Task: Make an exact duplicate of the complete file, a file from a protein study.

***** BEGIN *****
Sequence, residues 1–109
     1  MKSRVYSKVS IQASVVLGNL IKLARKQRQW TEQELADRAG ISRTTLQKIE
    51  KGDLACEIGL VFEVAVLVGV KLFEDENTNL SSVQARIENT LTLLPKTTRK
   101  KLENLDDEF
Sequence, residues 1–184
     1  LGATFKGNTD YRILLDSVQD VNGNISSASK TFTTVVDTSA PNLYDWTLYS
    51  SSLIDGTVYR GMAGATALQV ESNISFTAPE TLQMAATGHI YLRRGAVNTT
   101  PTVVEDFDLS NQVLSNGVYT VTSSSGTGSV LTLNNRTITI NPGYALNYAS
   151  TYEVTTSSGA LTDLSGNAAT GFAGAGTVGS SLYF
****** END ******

Sequence, residues 1–109
     1  MKSRVYSKVS IQASVVLGNL IKLARKQRQW TEQELADRAG ISRTTLQKIE
    51  KGDLACEIGL VFEVAVLVGV KLFEDENTNL SSVQARIENT LTLLPKTTRK
   101  KLENLDDEF
Sequence, residues 1–184
     1  LGATFKGNTD YRILLDSVQD VNGNISSASK TFTTVVDTSA PNLYDWTLYS
    51  SSLIDGTVYR GMAGATALQV ESNISFTAPE TLQMAATGHI YLRRGAVNTT
   101  PTVVEDFDLS NQVLSNGVYT VTSSSGTGSV LTLNNRTITI NPGYALNYAS
   151  TYEVTTSSGA LTDLSGNAAT GFAGAGTVGS SLYF